How to accurately calculate how much wallpaper you need
Some wallpaper manufacturers will provide a paste recommendation with their hanging instructions, and Philip Jeffries are an excellent example of this. For every single paper, they show how it should look and they give you the hanging instructions online with a paste recommendation. However, as this isn’t always the case it’s vital that you know which paste does what. Here are the big 5 wallpaper pastes to get familiar with…
- Starch-based (Green Top in the UK)
Ideal for traditional papers and English pulps, this paste is ready mixed and wheat-based. It is brilliant for hand-painted and fine textiles. You need to use this fairly quickly once you’ve opened it, as it is very prone to drying out. We don’t stock a lot of it as a result, as it has a shelf life.
- Light weight clear adhesive (Yellow Top in UK)
We tend to work with this paste when the wallcovering has a rice paper backing, like de Gournay and Fromental, which tend to be very thin and you run the risk of the paste pulling the paper away from the silk. You wouldn’t use this on a wooden pulp because it can stain the face of the wallpaper. We love it for its consistency (it is smooth and easy to spread) and versatility, as you can also water it down for hanging lining paper too. Never use it if you are working with a heavy vinyl, as it would literally fall off the wall. Albany, which we buy from Brewers, does a great one.
- Medium grade adhesive (Red Top in UK)
This is the most common paste we use, and we use it on a daily basis for non-woven backings. We literally use it for 70% of our work and we’re talking approx 50 tubs a month. It is a relatively heavy paste, due to the PVA content, so we tend to add moisture to it to help reduce the weightiness. This is an excellent paste for wallcoverings from Philip Jeffries, Arte and even De Gournay and Fromental. We find it to have excellent open time, great tack and not aggressive.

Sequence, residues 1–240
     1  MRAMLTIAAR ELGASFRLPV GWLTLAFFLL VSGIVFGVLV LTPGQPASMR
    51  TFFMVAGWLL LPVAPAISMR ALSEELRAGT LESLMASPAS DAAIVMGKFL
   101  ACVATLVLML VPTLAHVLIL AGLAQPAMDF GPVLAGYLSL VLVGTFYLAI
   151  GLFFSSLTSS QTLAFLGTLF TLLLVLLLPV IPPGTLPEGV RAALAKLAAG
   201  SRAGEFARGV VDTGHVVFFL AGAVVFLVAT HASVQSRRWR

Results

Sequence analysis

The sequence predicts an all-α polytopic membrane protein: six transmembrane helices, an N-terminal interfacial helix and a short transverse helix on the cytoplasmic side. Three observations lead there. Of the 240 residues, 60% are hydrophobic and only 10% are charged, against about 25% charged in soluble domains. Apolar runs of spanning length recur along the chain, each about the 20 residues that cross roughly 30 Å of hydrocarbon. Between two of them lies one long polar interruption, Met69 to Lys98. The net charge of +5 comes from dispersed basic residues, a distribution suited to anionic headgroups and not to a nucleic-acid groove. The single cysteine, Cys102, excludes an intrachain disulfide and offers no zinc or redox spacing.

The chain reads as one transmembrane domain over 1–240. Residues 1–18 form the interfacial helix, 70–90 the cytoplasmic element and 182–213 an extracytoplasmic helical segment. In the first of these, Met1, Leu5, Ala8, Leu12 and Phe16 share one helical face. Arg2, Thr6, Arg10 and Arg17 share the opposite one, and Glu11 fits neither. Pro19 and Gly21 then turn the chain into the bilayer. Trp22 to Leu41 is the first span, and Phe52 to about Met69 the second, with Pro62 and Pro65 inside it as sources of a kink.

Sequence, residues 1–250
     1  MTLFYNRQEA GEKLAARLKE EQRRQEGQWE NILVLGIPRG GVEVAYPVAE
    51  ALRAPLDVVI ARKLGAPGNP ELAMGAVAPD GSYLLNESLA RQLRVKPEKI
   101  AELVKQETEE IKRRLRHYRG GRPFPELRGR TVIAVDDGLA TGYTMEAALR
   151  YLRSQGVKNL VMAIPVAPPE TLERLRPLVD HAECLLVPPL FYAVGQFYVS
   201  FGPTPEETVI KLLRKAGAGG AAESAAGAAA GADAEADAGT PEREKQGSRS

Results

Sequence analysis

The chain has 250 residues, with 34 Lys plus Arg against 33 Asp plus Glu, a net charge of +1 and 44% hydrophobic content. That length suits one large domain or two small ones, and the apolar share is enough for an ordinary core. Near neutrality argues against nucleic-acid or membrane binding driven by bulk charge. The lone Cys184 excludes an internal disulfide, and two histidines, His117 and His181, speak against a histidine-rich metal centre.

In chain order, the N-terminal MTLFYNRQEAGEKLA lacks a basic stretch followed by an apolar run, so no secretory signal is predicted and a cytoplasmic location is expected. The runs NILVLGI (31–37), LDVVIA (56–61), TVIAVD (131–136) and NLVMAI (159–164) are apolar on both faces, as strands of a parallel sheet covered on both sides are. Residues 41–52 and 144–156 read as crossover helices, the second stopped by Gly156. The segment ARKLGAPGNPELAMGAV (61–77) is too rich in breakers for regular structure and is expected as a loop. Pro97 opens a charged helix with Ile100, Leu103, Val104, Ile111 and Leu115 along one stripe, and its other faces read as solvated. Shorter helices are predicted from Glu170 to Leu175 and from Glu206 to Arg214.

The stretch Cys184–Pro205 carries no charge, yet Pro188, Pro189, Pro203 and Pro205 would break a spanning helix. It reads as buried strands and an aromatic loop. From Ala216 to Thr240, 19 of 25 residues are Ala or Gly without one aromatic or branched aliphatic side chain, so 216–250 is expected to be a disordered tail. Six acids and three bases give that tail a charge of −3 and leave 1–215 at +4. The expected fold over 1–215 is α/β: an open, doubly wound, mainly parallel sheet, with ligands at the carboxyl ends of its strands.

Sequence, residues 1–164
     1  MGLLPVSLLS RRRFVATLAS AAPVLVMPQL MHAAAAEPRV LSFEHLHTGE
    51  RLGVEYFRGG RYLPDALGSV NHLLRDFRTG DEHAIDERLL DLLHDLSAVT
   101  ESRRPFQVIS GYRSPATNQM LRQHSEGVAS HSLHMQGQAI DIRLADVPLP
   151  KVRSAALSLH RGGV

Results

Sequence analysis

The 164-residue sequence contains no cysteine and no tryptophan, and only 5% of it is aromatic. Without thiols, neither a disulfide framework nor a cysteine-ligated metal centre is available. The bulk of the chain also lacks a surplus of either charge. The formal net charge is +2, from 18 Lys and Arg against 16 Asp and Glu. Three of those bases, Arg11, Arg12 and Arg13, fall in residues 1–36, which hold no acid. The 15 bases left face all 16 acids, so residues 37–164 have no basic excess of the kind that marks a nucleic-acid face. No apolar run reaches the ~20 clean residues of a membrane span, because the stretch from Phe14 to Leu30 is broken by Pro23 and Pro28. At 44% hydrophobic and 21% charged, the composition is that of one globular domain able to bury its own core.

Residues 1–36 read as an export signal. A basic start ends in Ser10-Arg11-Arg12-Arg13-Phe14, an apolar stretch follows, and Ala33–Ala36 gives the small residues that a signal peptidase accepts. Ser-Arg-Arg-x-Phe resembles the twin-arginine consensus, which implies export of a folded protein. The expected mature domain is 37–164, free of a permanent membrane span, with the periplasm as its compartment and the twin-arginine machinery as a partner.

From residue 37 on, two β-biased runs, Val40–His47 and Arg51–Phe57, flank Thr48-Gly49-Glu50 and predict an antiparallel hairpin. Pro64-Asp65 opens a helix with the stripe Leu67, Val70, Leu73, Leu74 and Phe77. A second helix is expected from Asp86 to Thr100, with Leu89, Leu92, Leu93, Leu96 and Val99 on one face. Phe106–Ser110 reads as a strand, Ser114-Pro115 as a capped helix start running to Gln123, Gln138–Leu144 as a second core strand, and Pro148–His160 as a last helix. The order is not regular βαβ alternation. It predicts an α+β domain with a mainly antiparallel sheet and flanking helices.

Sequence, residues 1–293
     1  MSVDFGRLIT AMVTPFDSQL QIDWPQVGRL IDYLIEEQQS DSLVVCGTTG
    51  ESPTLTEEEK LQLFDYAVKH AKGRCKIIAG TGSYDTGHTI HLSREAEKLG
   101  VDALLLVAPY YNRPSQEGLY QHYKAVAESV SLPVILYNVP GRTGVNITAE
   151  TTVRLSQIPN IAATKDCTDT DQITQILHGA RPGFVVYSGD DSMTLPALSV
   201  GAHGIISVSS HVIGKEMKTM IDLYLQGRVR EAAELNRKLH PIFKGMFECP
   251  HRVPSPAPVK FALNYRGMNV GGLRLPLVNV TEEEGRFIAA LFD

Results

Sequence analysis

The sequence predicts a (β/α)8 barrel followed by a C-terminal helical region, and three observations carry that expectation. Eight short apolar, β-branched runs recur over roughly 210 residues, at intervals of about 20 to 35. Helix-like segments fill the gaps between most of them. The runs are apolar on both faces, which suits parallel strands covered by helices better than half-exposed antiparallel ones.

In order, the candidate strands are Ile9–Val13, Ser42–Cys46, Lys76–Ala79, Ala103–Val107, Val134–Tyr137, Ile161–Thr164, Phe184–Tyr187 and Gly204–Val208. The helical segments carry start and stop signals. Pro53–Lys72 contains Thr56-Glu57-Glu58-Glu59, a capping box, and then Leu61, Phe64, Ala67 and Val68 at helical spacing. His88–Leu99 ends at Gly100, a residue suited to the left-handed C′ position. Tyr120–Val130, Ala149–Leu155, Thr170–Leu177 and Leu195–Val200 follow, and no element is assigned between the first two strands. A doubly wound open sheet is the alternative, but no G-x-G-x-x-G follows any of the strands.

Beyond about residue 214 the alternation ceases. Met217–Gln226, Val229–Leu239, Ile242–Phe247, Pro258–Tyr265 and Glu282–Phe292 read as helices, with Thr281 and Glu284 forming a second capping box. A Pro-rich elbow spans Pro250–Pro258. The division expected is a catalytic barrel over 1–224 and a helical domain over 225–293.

- Heavy grade Adhesive (Blue Top in the Uk)
When we are hanging a fabric backed or vinyl wallcovering, we turn to this. Super high-strength and heavy-duty, it requires the most work and you would never paste the back of the paper as a result. Instead, you paste the wall. The water-based adhesive is moisture-resistant, has a low water content and is breathable and we love that it can be rolled straight onto the wall.
- VOV (vinyl over vinyl) Paste
This is a specialty acrylic-based paste that we use on vinyl, metal and laminate. It’s great for tricky, non-porous areas, like on an external corner where the paper keeps springing up. Think of it like this, it literally grips to the surface for a tight finish, which is brilliant when the fabric doesn’t have much give or flexibility. We don’t use this all that often but it is there for when we do need it.
5 Things To Know…
- We can only hang if the room is of a certain temperature – ideally 18 degrees. If the room was too cold, for example, the paste won’t dry
- A common problem is applying too much paste. When you apply pressure to the wall it will squirt out. This can disclour/damage the wallcovering
- If you don’t apply enough paste, you will get dry spots which can create air pockets/bubbles which will show through
- Use a roller – this is the best tool for consistency
- You don’t always hang the lining paper and the wallcovering with the same paste, which is why it’s important your kit contains a variety of adhesives